Central Mosque in the Gorbals district is the largest mosque in Scotland and, along with twelve other mosques in the city, caters for the city"s estimated 33,000 Muslim population. also has a Hindu Mandir, and a planning permission for a new Sikh Temple was submitted in June 2007. This new Temple will complement the existing four Sikh Temples ("Gurdwaras") in with two in the West End ("Central Gurdwara Singh Sabha" in Finnieston and "Guru Nanak Sikh Temple" in Kelvinbridge) and two in the Southside area of Pollokshields ("Guru Granth Sahib Gurdwara" and "Sri Guru Tegh Bahadur Gurdwara"). There are approximately 6,500 Sikhs in Scotland with the highest proportion, 36%, in .

has seven synagogues with the seventh largest Jewish population in the United Kingdom after London, Manchester, Leeds, Gateshead, Brighton and Bournemouth, but once had a Jewish population second only to London, estimated at 20,000 in the Gorbals alone.

In 1993, the St Mungo Museum of Religious Life and Art opened in . It is believed to be the only public museum to examine all the world"s major religious faiths.


"Glaswegian", otherwise known as the patter, is a local variety of Scots.

Glaswegian is a dialect, more than an alternative pronunciation; words also change their meaning as all over in Scotland, e.g. "away" can mean "leaving" as in "A"m away", an instruction to stop being a nuisance as in "away wi ye", or "drunk" or "demented" as in "he"s away wi it". "Ginger" is a term for any carbonated soft drink ("A bottle o ginger" ). Then there are words whose meaning has no obvious relationship to that in standard English: "coupon" means "face", via "to punch a ticket coupon". A headbutt is known in many parts of the British Isles as a " kiss"," although this term is rarely used by Glaswegians, who say "Malkie" e.g. "ah"ll Malkie ye" or "stick the heid on ye".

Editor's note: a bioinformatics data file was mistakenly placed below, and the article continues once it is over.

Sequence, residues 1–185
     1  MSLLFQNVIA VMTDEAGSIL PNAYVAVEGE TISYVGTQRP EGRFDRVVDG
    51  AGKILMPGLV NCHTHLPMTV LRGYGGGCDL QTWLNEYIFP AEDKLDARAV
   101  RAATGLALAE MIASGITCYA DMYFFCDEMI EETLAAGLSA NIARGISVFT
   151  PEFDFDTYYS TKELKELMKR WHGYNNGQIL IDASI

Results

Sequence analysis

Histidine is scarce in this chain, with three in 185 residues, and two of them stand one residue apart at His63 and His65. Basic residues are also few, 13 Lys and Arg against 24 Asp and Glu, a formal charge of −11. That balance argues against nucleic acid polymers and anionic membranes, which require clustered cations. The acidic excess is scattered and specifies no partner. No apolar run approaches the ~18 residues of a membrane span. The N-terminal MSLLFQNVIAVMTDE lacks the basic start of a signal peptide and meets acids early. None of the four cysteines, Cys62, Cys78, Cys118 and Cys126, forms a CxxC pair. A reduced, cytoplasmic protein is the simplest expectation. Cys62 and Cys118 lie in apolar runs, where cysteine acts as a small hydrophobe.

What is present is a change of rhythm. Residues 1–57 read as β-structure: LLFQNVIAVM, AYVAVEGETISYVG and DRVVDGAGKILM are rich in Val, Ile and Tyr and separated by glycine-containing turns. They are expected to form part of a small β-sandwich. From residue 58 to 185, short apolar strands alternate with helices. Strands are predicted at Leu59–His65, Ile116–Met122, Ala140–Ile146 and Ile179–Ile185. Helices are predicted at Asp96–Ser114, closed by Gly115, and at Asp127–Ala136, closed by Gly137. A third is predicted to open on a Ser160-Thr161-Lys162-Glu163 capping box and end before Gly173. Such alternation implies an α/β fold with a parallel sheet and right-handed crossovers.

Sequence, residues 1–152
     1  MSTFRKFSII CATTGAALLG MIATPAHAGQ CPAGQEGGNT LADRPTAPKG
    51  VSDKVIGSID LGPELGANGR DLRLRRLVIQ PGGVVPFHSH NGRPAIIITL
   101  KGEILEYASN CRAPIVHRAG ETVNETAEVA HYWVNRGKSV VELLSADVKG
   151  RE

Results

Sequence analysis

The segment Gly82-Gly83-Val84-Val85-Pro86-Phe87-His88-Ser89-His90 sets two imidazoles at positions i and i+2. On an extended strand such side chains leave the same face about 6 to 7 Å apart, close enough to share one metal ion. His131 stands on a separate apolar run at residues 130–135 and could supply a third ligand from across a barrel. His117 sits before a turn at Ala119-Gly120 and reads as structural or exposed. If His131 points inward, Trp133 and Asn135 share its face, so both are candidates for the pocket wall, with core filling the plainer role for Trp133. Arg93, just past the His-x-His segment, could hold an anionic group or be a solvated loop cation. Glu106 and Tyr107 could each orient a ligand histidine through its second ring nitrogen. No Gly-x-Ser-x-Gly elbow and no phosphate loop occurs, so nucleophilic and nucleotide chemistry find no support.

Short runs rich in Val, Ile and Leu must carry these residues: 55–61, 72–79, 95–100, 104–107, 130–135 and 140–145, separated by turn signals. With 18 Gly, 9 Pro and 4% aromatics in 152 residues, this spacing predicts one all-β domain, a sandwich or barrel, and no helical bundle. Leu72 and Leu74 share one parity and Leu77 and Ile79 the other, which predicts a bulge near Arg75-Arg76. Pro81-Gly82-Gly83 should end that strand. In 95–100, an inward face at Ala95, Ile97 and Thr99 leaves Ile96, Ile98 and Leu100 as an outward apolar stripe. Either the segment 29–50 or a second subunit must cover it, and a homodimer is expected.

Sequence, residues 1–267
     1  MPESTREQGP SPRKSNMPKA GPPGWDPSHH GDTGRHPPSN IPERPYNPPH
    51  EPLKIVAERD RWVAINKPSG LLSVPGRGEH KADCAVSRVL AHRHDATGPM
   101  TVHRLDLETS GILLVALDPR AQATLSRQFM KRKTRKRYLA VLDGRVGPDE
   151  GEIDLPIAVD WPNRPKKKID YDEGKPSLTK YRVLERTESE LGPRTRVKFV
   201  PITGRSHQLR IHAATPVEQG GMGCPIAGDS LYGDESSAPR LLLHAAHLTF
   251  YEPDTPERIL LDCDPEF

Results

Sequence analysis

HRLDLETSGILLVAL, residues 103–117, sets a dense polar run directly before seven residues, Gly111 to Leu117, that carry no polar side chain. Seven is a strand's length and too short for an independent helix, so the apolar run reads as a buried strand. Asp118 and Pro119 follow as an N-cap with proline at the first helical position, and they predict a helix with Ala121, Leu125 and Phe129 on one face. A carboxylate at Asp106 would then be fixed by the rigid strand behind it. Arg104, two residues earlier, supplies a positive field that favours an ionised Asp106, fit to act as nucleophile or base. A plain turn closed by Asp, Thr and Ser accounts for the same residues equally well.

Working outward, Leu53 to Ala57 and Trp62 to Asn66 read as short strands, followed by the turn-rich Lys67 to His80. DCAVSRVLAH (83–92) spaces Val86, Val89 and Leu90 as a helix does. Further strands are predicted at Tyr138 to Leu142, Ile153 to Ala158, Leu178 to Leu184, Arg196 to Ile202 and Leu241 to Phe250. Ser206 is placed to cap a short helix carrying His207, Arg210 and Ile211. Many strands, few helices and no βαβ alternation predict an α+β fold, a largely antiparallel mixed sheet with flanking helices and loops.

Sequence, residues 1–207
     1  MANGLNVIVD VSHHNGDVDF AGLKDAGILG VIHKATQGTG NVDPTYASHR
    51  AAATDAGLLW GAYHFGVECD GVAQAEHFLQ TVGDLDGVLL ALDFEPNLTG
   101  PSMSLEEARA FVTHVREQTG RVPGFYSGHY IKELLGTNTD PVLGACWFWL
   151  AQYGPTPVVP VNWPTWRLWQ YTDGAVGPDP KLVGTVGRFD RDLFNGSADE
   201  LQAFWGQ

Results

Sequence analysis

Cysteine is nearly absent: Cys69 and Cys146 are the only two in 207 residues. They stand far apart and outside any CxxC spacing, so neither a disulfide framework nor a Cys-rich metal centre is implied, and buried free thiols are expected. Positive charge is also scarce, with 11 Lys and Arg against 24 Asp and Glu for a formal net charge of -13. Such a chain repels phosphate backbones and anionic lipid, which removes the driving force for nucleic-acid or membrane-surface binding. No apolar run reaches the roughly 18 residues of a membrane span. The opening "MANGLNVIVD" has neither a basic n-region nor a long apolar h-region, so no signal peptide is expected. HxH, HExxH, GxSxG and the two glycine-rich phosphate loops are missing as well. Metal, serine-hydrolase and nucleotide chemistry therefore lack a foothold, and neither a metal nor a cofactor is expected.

A speaker of Glaswegian might refer to those originating from the Scottish Highlands and the Western Isles as "teuchters", while they would reciprocate by referring to Glaswegians as "keelies" and those from the East of Scotland refer to Glaswegians as "Weegies" (or "Weedgies").

The long-running TV drama "Taggart" and the comedies "Empty", "Chewin" the Fat", "Rab C. Nesbitt", "Still Game" and "Dear Green Place" depict the Glaswegian "patois", while Craig Ferguson and Billy Connolly have made Glaswegian humour known to the rest of the world.


The rear of Provand"s Lordship